error bars of measures

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franco otaola on 8 Dec 2016
Commented: Star Strider on 9 Dec 2016
hello everybody, i have a value table with different measures at some different points e.g
x y
0 1
0 2
0 1.5
1 3
1 5
1 4
etc....
i would like to know if there is a non brute way of find the errors of the measures, what i mean.... i have the x,y values and i have fitted with fitlm so, i have y=a*x (i forced to pass by the (0,0) wiht ,'intercept',false) and with the data i would like to put the error bars that depends of the data. for example that it searchs the max difference between, the predicted value with the fit(in that x) and the differents values in that same x. and then make an error bar with that difference in each x. i think i could do it by brute force something like: with some loops and conditionals,search the max abs(difference in y(measures)) for each different x and stock it in a vector err and then use errorbar(x,Function.Coefficients.Estimate*x,err) where Function is the fitlm of the x and y values. (note. the idea is that this data is going to increase in time, so, it is going to be more than 3 values for the same x) (also the matrix is arranged in cresent way so, all the same x are together).sorry if i wanst clear or if i made any gramatical error... any help would be appreciated.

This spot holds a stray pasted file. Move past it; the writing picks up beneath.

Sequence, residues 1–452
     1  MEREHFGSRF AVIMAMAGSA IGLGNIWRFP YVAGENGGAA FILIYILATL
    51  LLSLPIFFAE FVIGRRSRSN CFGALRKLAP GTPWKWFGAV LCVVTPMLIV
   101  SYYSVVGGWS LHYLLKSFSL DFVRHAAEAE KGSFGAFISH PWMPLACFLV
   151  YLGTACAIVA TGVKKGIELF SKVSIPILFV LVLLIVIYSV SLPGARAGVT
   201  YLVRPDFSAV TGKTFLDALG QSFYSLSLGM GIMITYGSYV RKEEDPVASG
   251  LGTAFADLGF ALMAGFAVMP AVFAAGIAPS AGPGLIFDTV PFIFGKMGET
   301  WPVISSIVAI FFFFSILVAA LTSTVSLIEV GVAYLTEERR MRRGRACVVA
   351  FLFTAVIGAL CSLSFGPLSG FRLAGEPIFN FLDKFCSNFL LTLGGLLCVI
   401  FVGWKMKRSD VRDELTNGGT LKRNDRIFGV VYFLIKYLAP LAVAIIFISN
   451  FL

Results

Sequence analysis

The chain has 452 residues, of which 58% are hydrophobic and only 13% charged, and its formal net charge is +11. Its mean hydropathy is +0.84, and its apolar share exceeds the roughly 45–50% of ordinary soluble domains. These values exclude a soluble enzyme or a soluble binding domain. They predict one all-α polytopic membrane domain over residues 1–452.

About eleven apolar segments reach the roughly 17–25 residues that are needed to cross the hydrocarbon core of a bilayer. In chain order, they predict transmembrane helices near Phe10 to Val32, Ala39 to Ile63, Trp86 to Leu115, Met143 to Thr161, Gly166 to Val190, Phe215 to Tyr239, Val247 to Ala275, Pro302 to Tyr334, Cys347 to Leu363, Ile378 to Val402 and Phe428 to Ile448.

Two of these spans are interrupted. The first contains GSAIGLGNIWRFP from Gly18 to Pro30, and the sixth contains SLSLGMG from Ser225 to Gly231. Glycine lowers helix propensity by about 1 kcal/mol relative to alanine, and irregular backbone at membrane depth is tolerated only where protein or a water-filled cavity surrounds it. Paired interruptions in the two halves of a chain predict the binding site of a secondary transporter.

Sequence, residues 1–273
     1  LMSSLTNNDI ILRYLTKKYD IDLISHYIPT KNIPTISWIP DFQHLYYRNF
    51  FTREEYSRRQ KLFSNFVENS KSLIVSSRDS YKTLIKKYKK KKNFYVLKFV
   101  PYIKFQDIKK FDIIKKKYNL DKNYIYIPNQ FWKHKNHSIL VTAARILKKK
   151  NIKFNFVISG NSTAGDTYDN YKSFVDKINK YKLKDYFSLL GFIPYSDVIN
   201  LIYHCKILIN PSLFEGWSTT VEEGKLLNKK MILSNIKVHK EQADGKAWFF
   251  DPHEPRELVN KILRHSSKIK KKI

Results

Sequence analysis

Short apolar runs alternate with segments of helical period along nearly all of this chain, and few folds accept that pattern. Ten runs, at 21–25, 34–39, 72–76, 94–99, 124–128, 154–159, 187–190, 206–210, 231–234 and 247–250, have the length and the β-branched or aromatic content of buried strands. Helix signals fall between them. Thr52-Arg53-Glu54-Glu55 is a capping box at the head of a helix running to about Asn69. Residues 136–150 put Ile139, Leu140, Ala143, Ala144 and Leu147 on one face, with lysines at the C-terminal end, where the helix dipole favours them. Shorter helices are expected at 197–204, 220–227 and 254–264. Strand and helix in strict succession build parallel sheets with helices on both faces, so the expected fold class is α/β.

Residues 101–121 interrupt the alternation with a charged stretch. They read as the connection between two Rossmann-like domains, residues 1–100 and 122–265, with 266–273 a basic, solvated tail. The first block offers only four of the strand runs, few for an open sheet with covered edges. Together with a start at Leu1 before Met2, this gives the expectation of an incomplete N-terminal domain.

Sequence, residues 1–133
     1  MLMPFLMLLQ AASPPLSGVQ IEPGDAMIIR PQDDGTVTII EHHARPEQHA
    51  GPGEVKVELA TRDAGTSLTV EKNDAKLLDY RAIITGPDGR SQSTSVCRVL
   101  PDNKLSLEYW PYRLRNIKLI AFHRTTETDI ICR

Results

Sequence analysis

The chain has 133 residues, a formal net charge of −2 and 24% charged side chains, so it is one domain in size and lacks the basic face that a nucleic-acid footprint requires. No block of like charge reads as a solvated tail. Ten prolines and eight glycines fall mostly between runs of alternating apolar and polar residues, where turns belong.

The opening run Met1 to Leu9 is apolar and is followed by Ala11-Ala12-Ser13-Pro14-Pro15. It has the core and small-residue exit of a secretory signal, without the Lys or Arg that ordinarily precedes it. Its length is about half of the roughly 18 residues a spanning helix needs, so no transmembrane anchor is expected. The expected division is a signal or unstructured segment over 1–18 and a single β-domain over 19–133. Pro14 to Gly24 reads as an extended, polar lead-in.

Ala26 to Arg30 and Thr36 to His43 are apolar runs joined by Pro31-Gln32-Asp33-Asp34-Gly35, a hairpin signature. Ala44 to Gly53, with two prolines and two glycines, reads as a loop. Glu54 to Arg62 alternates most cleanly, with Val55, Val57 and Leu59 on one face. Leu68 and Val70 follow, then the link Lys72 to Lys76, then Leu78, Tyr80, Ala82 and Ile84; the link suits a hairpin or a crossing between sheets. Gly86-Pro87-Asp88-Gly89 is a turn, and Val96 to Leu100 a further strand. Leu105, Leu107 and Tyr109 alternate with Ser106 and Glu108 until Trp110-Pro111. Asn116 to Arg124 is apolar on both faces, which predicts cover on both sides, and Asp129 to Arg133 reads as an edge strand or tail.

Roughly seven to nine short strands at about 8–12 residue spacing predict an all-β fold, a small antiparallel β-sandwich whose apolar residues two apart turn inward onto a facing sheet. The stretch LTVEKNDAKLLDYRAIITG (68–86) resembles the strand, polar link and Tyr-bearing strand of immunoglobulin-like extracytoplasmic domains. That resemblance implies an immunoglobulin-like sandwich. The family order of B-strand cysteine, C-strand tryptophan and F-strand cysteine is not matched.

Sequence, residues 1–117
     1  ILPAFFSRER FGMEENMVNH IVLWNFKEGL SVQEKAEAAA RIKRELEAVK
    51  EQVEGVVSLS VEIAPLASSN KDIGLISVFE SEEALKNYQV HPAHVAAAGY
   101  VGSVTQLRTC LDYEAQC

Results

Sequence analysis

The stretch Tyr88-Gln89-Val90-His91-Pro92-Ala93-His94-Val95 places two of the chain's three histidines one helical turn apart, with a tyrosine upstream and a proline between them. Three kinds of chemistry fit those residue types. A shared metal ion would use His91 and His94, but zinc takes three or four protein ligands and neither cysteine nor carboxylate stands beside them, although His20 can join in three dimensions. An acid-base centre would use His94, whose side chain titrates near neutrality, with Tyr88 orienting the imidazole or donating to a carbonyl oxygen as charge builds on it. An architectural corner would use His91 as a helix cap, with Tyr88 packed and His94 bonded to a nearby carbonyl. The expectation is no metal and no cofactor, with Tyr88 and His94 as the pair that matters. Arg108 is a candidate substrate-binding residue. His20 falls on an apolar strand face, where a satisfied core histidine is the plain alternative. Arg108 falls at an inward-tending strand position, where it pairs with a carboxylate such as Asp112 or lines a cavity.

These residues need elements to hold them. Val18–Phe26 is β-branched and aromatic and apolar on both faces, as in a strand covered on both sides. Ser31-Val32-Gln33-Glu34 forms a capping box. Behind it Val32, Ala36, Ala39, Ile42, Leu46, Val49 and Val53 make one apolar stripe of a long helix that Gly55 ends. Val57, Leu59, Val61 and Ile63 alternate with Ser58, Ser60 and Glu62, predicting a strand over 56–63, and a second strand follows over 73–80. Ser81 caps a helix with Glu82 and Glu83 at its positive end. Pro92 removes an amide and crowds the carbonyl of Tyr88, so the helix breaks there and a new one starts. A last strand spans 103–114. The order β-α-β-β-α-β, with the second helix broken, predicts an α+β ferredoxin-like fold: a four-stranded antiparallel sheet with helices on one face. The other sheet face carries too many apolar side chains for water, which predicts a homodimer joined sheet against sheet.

Star Strider on 8 Dec 2016
I am not certain what you refer to by ‘errors in the measures’.
This code calculates the ‘standard error of the mean’ for your data, and presents them for the two values of ‘x’ in your table:
xy = [0 1
0 2
0 1.5
1 3
1 5
1 4];
[Ux,~,ix] = unique(xy(:,1),'stable'); % Get Unique Values Of ‘x’
N = accumarray(ix, 1); % Count Them
stdev = accumarray(ix, xy(:,2), [], @std); % Calculate Standard Deviations
sem = stdev./sqrt(N); % Calculate Standard Errors Of The Mean
Result = [Ux, sem] % Table Of Results
If you want to calculate the ‘standard errors of the estimate’ from the regression line, use the residuals (deviations from the fitted regression line) for ‘y’. That becomes your data for the errorbar function.
Star Strider on 9 Dec 2016
Those look like 95% confidence intervals. The easy solution is to multiply the ‘sem’ vector by 1.96. A more correct solution is to use an inverse t-distribution to calculate the confidence intervals. You might have to do that on each ‘sem’ value. In this instance, you would use (N-1) for the appropriate degrees-of-freedom ‘nu’ for the t-statistic, and 0.975 for ‘p’. Use the Statistics and Machine Learning Toolbox tinv function.